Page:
Appalachian Dulcimer

Description:

This Appalachian dulcimer was made by an unknown maker in West Virginia, undetermined date. It is a single-bout dulcimer, with a metal nut and tailpiece, wood bridge, 15 metal frets, 2 stylized s-shaped sound holes, carved out peg box with 4 mismatched wooden friction tuning pegs, and a round head. There is a narrow leather strip attached to the tail end of the instrument.

Anne Grimes (1912-2004) was an American journalist, musician, and historian of American (particularly Midwestern) folklore. Grimes studied voice and piano at Ohio Wesleyan and initiated graduate studies at Ohio State University. Following her education, Grimes was a music teacher, music and dance critic, and radio host. After WWII, Grimes began collecting and documenting folk songs throughout Ohio, as well as collecting Appalachian dulcimers and zithers. She would continue this work, performing, recording, and lecturing on instruments from her collection throughout the rest of her career.

Location: Currently not on view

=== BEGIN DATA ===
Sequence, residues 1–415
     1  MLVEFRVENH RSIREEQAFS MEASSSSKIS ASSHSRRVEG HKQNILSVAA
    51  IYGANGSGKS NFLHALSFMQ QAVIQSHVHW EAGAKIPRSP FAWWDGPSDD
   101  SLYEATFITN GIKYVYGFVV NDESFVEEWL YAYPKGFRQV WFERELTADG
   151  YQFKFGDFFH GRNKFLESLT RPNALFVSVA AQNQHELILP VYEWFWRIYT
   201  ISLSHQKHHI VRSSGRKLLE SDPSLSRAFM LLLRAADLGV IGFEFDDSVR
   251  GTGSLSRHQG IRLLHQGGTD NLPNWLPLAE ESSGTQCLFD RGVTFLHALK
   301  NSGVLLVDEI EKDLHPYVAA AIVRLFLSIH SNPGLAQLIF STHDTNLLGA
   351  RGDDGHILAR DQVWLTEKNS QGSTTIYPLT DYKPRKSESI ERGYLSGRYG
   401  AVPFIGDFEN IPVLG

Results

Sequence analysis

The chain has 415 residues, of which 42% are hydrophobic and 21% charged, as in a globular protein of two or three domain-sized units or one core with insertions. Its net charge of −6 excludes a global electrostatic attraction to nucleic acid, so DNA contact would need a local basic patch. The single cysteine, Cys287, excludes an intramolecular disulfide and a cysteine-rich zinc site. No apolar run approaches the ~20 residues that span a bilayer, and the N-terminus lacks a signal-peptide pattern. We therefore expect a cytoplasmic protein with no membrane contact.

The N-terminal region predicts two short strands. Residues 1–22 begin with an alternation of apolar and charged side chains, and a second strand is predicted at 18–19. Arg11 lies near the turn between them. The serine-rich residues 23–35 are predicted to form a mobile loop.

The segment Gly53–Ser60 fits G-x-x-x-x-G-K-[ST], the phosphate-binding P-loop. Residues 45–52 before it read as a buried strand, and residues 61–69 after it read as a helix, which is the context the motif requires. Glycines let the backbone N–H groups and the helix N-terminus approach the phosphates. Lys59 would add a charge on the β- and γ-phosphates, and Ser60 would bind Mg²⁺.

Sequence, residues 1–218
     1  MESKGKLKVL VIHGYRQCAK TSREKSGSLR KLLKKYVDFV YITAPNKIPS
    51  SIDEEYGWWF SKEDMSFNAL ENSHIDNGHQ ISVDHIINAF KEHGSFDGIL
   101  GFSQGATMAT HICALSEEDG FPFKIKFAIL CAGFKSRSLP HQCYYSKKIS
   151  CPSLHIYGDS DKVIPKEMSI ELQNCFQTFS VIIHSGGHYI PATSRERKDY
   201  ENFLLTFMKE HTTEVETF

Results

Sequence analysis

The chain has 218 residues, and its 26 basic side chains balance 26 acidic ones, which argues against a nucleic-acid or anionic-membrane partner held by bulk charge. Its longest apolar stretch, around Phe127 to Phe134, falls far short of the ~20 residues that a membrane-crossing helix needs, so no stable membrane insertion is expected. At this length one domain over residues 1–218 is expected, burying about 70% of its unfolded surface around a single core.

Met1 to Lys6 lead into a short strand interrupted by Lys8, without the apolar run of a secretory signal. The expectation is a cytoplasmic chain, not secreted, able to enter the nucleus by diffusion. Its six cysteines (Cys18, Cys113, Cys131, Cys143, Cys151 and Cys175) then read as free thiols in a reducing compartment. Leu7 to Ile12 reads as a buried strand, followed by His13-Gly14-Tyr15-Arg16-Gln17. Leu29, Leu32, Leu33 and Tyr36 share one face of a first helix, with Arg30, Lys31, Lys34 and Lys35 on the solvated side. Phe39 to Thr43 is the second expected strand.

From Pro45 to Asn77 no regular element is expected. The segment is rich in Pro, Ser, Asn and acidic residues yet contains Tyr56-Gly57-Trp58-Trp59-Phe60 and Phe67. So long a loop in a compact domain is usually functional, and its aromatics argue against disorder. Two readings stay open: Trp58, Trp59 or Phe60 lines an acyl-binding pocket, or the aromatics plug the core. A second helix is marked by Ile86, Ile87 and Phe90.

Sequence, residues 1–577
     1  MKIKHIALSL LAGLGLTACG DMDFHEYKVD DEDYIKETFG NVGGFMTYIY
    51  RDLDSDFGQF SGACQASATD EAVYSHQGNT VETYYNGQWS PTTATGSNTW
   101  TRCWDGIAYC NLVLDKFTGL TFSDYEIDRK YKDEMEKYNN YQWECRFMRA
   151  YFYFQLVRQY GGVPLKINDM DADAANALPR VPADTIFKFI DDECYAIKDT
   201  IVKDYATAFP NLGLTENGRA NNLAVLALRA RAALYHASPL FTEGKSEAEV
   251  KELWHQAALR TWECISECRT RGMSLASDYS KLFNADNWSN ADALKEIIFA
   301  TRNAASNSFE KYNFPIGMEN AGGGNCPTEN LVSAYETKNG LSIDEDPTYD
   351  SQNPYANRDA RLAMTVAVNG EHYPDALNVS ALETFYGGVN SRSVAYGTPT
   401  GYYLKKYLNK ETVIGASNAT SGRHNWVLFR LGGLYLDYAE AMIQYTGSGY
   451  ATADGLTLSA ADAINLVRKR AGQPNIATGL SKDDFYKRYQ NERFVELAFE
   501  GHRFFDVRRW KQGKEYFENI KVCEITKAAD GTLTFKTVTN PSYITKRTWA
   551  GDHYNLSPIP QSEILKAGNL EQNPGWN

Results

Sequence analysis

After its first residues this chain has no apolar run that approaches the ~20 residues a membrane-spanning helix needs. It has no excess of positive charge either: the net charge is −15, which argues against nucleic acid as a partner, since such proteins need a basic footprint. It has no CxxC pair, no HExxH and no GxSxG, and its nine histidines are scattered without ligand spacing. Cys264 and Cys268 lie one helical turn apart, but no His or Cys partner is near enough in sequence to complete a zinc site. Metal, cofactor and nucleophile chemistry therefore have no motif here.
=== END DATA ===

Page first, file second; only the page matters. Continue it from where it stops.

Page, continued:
Place Made: United States: West Virginia

See more items in: Culture and the Arts: Musical Instruments, Music & Musical Instruments, Dulcimers

Exhibition:

Exhibition Location:

Related Publication: Smith, L. Allen. Catalogue of Pre-Revival Appalachian Dulcimers

Data Source: National Museum of American History

Id Number: 1996.0276.29Accession Number: 1996.0276Catalog Number: 1996.0276.29Collector/Donor Number: J1

Object Name: dulcimer

Physical Description: wood (overall material)Measurements: overall: 3 7/8 in x 7 in x 36 1/2 in; 9.8425 cm x 17.78 cm x 92.71 cm

Guid: http://n2t.net/ark:/65665/ng49ca746a4-4055-704b-e053-15f76fa0b4fa

Record Id: nmah_608134

Our collection database is a work in progress. We may update this record based on further research and review. Learn more about our approach to sharing our collection online.

If you would like to know how you can use content on this page, see the Smithsonian's Terms of Use. If you need to request an image for publication or other use, please visit Rights and Reproductions.